Tuesday, October 18, 2011

The TTLG 2011 Picture Book Celebration: Book two hundred and ninety-one

When I was a young girl, all the girls in my class were keen to become the next Margot Fonteyn. There were no soccer teams for girls where we lived and ballet was what little girls did. Not surprisingly, most of us really weren't suited to becoming ballet dancers, but how we tried. I can remember having sore feet, and dreading those hours of barre practice. Thankfully I discovered long distance running and my ballet days ended. 

It is not easy finding the courage to be who you are. Some of us are made to be ballet dancers, but most of us are not. We have some other gift that we need to find, and then embrace. Today's book is about a little girl who takes this very important journey. 

Ann Bonwill
Illustrated by Teresa Murfin
Picture Book
For ages 5 to 7
Tiger Tales, 2011, 978-1-58925-103-8
   Chloe’s big sister Belinda loves ballet, and now she and Chloe are going to take ballet lessons. At Dana’s Dance Shop Belinda picks pink dancing slippers, a pink leotard, and a white skirt. Belinda wants something that “has style,” so she picks red slippers and a green and purple leotard.
   At her first ballet class, Chloe begins to think that perhaps her choice of clothes was not such a good idea because she is the only one who is not wearing the more traditional pink dance outfit. To make matters worse, when the students are asked to point their toes Chloe’s toes refuse to cooperate, and Madame Mina says that Chloe has “Naughty toes.” Then, when the students practice dancing to the beat of the music, Chloe somehow ends up counting four beats instead of three.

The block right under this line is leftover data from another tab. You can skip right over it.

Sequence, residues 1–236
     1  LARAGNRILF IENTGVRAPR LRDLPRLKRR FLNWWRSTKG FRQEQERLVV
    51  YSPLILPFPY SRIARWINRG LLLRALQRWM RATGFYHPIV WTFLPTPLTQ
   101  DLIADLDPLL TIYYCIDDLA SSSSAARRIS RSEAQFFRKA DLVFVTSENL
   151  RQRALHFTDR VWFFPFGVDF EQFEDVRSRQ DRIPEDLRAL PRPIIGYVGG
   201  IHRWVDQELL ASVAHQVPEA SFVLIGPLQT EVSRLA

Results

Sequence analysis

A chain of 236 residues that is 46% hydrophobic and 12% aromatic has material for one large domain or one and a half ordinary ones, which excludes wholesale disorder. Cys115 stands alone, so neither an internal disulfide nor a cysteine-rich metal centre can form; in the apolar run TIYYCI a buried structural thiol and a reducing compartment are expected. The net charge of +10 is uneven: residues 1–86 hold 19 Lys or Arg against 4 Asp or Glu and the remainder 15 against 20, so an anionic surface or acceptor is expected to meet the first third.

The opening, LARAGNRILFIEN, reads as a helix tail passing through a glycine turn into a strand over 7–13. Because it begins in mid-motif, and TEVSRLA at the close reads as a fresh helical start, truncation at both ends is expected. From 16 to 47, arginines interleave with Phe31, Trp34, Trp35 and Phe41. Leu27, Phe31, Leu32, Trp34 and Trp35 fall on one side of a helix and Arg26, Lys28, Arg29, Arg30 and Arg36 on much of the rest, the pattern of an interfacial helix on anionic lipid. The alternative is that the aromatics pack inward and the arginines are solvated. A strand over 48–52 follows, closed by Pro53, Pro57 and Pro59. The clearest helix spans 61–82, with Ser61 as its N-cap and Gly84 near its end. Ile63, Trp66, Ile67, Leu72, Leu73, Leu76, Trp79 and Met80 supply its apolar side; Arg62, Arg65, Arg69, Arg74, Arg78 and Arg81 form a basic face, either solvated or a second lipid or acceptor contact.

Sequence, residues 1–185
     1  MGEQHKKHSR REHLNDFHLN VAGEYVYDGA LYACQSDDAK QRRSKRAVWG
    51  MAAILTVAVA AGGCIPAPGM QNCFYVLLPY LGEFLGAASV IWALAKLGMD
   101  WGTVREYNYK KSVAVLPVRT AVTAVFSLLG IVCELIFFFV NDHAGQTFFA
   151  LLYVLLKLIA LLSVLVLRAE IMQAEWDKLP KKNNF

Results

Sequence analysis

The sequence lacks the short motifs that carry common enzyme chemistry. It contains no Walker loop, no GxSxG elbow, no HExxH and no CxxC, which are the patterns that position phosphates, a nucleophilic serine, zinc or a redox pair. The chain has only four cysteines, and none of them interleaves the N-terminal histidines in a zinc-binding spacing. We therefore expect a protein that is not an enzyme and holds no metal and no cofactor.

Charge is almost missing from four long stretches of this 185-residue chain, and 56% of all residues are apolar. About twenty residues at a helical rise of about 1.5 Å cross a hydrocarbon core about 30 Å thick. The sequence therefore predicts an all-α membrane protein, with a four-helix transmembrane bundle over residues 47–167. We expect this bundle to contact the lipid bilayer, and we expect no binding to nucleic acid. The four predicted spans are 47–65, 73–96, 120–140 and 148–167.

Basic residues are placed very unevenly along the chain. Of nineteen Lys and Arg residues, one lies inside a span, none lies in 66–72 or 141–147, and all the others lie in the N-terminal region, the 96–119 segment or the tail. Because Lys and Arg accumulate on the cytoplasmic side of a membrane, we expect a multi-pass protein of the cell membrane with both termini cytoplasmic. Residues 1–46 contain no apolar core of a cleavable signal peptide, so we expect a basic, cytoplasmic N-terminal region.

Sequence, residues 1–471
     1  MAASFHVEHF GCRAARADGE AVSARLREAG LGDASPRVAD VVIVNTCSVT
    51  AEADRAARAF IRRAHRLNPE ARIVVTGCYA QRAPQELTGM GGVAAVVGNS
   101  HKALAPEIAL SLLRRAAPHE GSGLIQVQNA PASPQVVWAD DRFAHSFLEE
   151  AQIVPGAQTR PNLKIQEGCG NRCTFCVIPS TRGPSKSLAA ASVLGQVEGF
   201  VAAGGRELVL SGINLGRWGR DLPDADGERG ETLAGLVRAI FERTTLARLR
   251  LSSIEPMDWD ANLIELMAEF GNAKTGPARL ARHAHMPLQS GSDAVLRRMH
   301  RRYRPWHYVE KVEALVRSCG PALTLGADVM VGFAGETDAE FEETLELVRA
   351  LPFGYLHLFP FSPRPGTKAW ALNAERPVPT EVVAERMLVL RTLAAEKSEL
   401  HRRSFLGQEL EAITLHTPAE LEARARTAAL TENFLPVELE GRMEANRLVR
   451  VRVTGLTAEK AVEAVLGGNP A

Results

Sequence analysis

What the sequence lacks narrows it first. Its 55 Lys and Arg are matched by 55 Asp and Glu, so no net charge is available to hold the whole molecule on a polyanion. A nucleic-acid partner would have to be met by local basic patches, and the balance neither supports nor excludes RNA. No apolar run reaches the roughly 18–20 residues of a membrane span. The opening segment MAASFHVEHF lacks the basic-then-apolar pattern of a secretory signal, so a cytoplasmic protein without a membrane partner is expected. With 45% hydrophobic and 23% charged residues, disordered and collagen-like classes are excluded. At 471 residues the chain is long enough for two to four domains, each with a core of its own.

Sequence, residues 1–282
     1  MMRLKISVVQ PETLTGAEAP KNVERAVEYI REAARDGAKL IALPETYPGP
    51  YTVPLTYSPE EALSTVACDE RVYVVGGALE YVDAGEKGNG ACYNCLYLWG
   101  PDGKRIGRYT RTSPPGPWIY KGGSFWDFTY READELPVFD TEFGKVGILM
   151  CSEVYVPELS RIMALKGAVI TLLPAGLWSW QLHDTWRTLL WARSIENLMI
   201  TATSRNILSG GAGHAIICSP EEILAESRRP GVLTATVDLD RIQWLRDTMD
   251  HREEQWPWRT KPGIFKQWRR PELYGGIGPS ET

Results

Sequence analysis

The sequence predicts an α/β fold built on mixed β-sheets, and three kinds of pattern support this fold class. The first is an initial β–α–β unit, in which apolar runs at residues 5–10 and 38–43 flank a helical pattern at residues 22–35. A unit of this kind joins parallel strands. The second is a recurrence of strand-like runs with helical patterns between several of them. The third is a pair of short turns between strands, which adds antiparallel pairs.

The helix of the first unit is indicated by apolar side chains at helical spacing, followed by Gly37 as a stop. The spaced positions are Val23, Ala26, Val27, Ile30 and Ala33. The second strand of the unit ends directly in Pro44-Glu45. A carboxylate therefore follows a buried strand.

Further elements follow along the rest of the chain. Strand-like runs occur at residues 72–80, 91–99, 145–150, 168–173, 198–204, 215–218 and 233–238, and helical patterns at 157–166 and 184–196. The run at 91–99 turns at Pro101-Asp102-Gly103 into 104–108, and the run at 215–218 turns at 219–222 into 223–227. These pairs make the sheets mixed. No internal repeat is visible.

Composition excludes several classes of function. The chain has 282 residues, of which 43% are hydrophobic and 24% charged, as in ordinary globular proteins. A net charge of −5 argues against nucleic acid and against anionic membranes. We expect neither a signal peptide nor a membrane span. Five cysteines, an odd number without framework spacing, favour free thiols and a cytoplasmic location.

Unfortunately, for Chloe this is just the beginning. Her hair refuses to form a nice and tidy bun, she cannot flutter like a butterfly, and when she is supposed to “Float like clouds” Chloe spins around the classroom and collides with one of the other students. Chloe cannot help being “a cloud with gusto,” but it is not what Madame Mina is looking for.
   Many children desperately want to fit in, and sometimes this is hard to do because we are all different. How can be all be the same when we don’t all have the same gifts and abilities?
   In this clever and meaningful picture book, Ann Bonwill shows her readers that it is important to march to your own drumbeat and to celebrate the gifts that you have, rather than trying to force yourself into a role that simply doesn’t suit you. It is so much better to be who you are and to let yourself shine!

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